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Red or blue or black. Dimensions: 10 x 13 x 1.5 inches. Centred sans serif text on the front. No, not a painting by the Japanese artist On Kawara but the Guggenheim exhibition catalogue. This is somewhat ironic given the short shrift that Kawara’s involvement with the artist’s book receives in this exhibition.
Curators Jeffrey Weiss and Anne Wheeler place Kawara (1932–2014) in a general conceptual art context but exaggerate his outlier status and emphasize an almost craft painterly practice. Lucy Lippard in her study of ‘the dematerialization of the art object’, Six Years… (1973), recognized Kawara as ‘one of the most important, and one of the most elusive and isolated, artists working in this general direction’ – meaning ‘so-called conceptual or information or idea art’.
The protocols that govern his ‘Today’ series – of which there are over 150 in this exhibition – come straight out of US artist Sol LeWitt’s ‘Sentences’ or ‘Paragraphs’ on conceptual art. If a painting, which took 6 to 7 hours depending on the size, was not finished by midnight it was destroyed, but more could be made on a day – two or even three (e.g. MAR.18.1970). Four to five coats, each sanded down, of Liquitex paint cover the front and sides of the canvas, resulting in a matte finish. A sort of time-lapse montage of 20 photographs on page 210 of the catalogue shows the process for Date Painting 5. SEPT.1994. There are eight predetermined sizes from 8 by 10 to 61 by 89 inches: there is no apparent correlation of the events of the day with the size, although those of 16, 20 and 21 July 1969, during the Moon Landing, are much larger than average.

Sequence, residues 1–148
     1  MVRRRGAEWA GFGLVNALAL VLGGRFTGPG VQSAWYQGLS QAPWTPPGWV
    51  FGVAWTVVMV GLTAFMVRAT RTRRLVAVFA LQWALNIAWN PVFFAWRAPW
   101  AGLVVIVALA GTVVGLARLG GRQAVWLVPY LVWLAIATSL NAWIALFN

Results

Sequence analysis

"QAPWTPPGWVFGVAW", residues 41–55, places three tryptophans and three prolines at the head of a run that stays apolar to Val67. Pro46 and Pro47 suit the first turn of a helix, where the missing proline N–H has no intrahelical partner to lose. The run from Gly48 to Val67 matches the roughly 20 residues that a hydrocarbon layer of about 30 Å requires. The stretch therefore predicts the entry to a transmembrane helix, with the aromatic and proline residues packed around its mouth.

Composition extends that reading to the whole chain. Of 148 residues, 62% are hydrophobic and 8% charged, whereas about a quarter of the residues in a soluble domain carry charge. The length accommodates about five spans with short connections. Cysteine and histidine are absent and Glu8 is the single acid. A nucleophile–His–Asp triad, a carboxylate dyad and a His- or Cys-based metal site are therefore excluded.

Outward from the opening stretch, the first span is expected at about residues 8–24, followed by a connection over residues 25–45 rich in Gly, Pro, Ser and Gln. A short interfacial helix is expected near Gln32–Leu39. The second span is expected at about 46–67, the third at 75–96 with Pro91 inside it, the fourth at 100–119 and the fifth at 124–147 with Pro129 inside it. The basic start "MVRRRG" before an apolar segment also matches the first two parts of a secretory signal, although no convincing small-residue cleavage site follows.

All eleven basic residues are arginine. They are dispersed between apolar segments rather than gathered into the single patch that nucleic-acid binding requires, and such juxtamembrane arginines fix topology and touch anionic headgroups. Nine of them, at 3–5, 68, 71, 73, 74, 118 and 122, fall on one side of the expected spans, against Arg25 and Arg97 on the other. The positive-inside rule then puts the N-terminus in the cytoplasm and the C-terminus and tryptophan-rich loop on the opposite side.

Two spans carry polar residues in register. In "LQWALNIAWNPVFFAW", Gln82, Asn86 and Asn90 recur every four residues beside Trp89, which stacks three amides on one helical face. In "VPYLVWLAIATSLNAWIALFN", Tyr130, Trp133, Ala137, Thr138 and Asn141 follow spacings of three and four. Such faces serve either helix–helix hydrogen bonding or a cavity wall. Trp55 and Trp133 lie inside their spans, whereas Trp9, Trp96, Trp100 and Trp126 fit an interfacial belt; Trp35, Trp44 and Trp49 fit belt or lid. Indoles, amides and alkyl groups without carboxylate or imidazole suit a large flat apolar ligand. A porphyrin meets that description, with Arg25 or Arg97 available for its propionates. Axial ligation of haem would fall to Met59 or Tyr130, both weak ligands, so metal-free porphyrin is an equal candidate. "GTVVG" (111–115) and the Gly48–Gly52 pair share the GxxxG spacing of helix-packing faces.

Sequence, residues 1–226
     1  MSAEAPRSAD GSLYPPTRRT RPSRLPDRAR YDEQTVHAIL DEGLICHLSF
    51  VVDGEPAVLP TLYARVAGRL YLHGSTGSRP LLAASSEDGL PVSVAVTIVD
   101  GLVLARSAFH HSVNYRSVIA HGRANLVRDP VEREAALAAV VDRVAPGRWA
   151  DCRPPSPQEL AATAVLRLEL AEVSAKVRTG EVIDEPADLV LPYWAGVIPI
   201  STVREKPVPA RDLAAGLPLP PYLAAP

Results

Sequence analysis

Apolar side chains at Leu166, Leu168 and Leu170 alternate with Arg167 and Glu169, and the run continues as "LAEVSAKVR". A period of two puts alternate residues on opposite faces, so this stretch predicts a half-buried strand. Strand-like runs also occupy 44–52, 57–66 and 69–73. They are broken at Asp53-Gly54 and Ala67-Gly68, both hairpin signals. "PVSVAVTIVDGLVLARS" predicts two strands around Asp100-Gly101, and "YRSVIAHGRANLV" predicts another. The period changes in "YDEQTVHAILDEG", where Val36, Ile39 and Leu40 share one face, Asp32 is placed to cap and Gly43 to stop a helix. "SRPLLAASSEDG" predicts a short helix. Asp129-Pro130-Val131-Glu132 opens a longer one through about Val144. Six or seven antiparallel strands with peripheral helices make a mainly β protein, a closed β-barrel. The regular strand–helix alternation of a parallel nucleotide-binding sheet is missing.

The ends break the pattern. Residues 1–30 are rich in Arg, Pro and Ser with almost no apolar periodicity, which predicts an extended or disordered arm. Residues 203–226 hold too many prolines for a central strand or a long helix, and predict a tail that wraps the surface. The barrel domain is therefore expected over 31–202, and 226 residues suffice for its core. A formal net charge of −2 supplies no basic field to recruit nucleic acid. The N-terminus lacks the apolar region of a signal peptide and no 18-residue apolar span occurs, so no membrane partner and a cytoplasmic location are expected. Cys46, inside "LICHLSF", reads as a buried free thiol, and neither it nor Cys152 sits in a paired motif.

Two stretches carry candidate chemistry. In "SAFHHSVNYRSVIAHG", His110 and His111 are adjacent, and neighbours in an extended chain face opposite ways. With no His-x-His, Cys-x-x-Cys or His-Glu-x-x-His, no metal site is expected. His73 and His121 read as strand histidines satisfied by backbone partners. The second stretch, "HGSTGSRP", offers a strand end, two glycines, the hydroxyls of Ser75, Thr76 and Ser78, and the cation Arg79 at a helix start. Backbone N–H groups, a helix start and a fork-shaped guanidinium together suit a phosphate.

The paint is hand-mixed, so that colours vary. The choice of colour seems to be random and the palette has changed over time: early in the sequence red and cerulean blue were used more often, whilst later brown-greys and blue-blacks predominate. Hand-drawn (not stencilled) text in Futura (earlier than Gill Sans) is centred on the canvas. There is some variation in the abbreviation of the month – it is usually just three words with a full stop but there is JANUARY 30, 1966 and JULY17, 1971. Likewise the number of the day is normally in between the month and year but there are examples where the number comes first: 25 JULY.68 (also a rare example of the year being abbreviated).
Each painting is housed in a simple homemade box lined with (usually) an extract from a newspaper from the location where Kawara was on that date – so primarily the New York Times. The cutting may be from the front page, sports page, stock prices, obituaries, or advertisements etc. but there is no direct correlation with the Date painting. Kawara sometimes displayed paintings with or without their boxes and when he did they were sometimes below the painting or in a vitrine at the side.
Another photograph in the catalogue shows the interior of Kawara’s Greene Street, New York, studio presumably on JUNE.28.1979, the Date Painting propped up like a book, newspaper/s at the upper left next to a logbook. A map of Manhattan, part of the I Went project (1968–79), is to the left of the painting with a rubber stamp and letters. And all on an office or school desk with a reading light. This is far from a typical painter’s studio and shows the imbrication of all of Kawara’s projects.